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Tsauo J, Cheng P, Yang R. The effects of sensorimotor training on knee proprioception and function for patients with knee osteoarthritis: A preliminary report. Clin Rehabil. 2008;22:448-457.  Back to cited text no. 4
    
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Moutzouri M, Gleeson N, Billis E, Panoutsopoulou I, Gliatis J. What is the effect of sensori-motor training on functional outcome and balance performance of patients’ undergoing TKR? A systematic review. Physiotherapy. 2016;102:136-144.  Back to cited text no. 5
    
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Pohl T, Brauner T, Wearing S, Stamer K, Horstmann T. Effects of sensorimotor training volume on recovery of sensorimotor function in patients following lower limb arthroplasty. BMC Musculoskelet Disord. 2015;16:195.  Back to cited text no. 6
    
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Gstoettner M, Raschner C, Dirnberger E, Leimser H, Krismer M. Preoperative proprioceptive training in patients with total knee arthroplasty. Knee. 2011;18:265-270.  Back to cited text no. 7
    
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Huber EO, Roos EM, Meichtry A, de Bie RA, Bischoff-Ferrari HA. Effect of preoperative neuromuscular training (NEMEX-TJR) on functional outcome after total knee replacement: An assessor-blinded randomized controlled trial. BMC Musculoskelet Disord. 2015;16:101.  Back to cited text no. 8
    
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Villadsen A, Overgaard S, Holsgaard-Larsen A, Christensen R, Roos EM. Postoperative effects of neuromuscular exercise prior to hip or knee arthroplasty: A randomised controlled trial. Ann Rheum Dis. 2014;73:1130-1137.  Back to cited text no. 9
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Ibrahim MS, Alazzawi S, Nizam I, Haddad FS. An evidence-based review of enhanced recovery interventions in knee replacement surgery. Ann R Coll Surg Engl.2013;95:386-389.  Back to cited text no. 10
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Lobo A, Saz P, Marcos G, et al. Revalidación y normalización del mini-examen cognoscitivo (primera versión en castellano del mini-mental status examination) en la población general geriátrica. Med Clín. 1999;112:767-774.  Back to cited text no. 12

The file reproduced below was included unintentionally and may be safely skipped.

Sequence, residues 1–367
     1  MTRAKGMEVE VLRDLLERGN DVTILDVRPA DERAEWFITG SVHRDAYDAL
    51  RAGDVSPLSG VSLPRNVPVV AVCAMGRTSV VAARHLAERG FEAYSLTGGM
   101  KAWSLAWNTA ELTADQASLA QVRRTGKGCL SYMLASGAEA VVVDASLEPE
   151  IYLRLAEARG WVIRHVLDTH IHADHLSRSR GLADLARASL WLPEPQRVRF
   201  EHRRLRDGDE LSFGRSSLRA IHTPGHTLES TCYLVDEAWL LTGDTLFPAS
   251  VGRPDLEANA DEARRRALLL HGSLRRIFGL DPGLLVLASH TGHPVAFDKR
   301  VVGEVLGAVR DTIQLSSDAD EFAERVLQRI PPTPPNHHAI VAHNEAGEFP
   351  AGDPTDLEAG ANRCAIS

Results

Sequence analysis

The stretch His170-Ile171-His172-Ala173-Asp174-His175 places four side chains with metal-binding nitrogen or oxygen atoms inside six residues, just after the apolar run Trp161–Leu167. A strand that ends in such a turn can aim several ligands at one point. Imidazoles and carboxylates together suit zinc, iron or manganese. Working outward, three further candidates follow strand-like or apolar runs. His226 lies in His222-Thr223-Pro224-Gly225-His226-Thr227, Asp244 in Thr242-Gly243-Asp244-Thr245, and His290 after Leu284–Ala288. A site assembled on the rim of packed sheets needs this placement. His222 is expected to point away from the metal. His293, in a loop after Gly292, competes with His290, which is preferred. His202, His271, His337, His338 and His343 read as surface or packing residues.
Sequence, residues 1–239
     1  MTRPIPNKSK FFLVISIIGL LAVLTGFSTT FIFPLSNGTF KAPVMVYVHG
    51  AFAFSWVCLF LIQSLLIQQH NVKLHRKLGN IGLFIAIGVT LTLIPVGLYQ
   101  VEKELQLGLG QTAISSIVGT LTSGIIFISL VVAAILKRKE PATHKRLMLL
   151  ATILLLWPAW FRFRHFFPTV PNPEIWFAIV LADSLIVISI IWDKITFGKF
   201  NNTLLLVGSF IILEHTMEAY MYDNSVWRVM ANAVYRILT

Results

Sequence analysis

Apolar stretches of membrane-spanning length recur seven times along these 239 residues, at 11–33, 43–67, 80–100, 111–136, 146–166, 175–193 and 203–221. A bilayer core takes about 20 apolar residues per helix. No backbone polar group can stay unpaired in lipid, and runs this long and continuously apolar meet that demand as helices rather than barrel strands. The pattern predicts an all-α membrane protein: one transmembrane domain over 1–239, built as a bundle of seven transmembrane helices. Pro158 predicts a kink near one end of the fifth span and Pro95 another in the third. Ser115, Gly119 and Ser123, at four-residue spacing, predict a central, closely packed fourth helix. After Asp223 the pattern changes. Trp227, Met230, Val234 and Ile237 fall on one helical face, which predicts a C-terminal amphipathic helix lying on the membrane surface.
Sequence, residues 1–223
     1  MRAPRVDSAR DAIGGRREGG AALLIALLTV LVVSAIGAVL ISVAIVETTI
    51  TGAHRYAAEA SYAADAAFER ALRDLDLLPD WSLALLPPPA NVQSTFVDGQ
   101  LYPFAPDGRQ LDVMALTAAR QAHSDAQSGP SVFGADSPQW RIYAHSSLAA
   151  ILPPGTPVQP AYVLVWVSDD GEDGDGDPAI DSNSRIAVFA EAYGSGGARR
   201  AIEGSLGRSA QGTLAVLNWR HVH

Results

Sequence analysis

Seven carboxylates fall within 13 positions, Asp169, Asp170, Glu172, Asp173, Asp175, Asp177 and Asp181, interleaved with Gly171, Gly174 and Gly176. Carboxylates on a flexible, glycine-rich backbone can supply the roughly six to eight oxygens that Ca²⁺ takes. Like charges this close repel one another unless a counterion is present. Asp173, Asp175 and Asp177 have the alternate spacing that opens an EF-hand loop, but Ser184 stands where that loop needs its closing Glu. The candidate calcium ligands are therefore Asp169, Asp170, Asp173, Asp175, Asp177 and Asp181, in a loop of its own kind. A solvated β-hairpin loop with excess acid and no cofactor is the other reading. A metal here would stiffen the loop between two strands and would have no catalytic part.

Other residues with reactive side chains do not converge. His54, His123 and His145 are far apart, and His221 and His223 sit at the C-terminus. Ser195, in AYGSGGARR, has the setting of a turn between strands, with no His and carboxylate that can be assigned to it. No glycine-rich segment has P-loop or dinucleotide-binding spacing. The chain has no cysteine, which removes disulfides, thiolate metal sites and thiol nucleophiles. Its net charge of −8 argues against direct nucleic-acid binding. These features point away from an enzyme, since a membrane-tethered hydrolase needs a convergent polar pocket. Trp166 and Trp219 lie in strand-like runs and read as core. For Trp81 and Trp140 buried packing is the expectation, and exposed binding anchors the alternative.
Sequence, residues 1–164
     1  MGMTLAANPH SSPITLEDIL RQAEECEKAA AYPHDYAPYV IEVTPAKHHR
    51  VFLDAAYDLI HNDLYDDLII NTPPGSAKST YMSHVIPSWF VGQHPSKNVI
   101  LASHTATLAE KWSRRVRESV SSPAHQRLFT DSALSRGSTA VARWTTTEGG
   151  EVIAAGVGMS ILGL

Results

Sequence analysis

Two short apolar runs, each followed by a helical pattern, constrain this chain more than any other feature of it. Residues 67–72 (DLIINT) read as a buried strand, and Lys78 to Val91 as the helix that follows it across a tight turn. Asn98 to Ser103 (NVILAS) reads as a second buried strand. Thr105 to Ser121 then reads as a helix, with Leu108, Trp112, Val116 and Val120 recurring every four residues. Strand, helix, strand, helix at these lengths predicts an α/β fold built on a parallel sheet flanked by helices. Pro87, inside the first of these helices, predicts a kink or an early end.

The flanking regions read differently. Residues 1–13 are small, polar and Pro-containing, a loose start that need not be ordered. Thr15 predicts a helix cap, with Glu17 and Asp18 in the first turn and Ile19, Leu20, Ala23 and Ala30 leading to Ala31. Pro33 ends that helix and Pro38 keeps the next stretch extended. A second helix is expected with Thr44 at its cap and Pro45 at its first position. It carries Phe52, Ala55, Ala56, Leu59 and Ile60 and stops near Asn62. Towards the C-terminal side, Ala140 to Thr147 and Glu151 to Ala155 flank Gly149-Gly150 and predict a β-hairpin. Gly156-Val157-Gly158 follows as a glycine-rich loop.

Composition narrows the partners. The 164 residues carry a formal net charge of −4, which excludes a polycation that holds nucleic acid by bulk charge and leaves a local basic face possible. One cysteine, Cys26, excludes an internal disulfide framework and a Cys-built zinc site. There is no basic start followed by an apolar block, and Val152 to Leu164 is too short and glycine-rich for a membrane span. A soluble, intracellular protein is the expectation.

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Roig-Casasús S, Blasco JM, López-Bueno L, Blasco-Igual MC. Balance training with a dynamometric platform following total knee replacement: A randomized controlled trial. J Geriatr Phys Ther. 2017. doi: 10.1519/JPT.0000000000000121.  Back to cited text no. 13
    
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Fitzgerald GK, Childs JD, Ridge TM, Irrgang JJ. Agility and perturbation training for a physically active individual with knee osteoarthritis. Phys Ther. 2002;82:372-382.  Back to cited text no. 16
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Roos EM, Roos HP, Lohmander LS, Ekdahl C, Beynnon BD. Knee injury and osteoarthritis outcome score (KOOS)—development of a self-administered outcome measure. J Orthop Sports Phys Ther. 1998;28:88-96.  Back to cited text no. 18
    
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Seoane-Mato D, Sánchez-Piedra C, Silva-Fernández L, et al. Prevalence of rheumatic diseases in adult population in Spain (EPISER 2016 study): Aims and methodology. Reumatol Clin. 2017. pii: S1699-258X(17)30168-7.  Back to cited text no. 25
    
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Lowe CJM, Barker KL, Dewey M, Sackley CM. Effectiveness of physiotherapy exercise after knee arthroplasty for osteoarthritis: Systematic review and meta-analysis of randomised controlled trials. BMJ. 2007;335:812.  Back to cited text no. 26
    

Author contributions
Conception: JMB, SRC, CIC. Design of the interventions: JMB, SRC, CIC, ASM, FDN. Literature search: JMB, FDN, ASM. Method, statistical and economic analysis advice: JMB. Drafting the article: JMB, FDN. Manuscript editing: FDN. Revising it critically for important intellectual content: CIC, SRC, ASM. All authors gave final approval of the version to be published.
Conflicts of interest
There are no competing interests or funding to declare.
Financial support
None.
Research ethics
The procedures have been approved by The trial was approved by the Ethics Committee and by the Scientific Committee of the Clinical and University Hospital of Valencia (approval No. 26052016) and conform to the principles of the Declaration of Helsinki.
Declaration of patient consent
The authors certify that they will obtain all appropriate patient consent forms. In the form the patients will give their consent for clinical information to be reported in the journal. The patients understand that their names and initials will not be published and due efforts will be made to conceal their identity.
Data sharing statement
Individual participant data that underlie the results reported in this article, after deidentification (text, tables, figures, and appendices) can be requested and shared on reasonable request, including documents, such as the informed consent form and the board approval. The data will be available immediately following publication and ending 36 months following article publication for those researchers who provide a methodologically sound proposal to achieve aims in such proposal. Proposals should be directed to jose.maria.basco@uv.es. To gain access, data requestors will need to sign a data access agreement.
Plagiarism check
Checked twice by iThenticate.
Peer review Externally peer reviewed.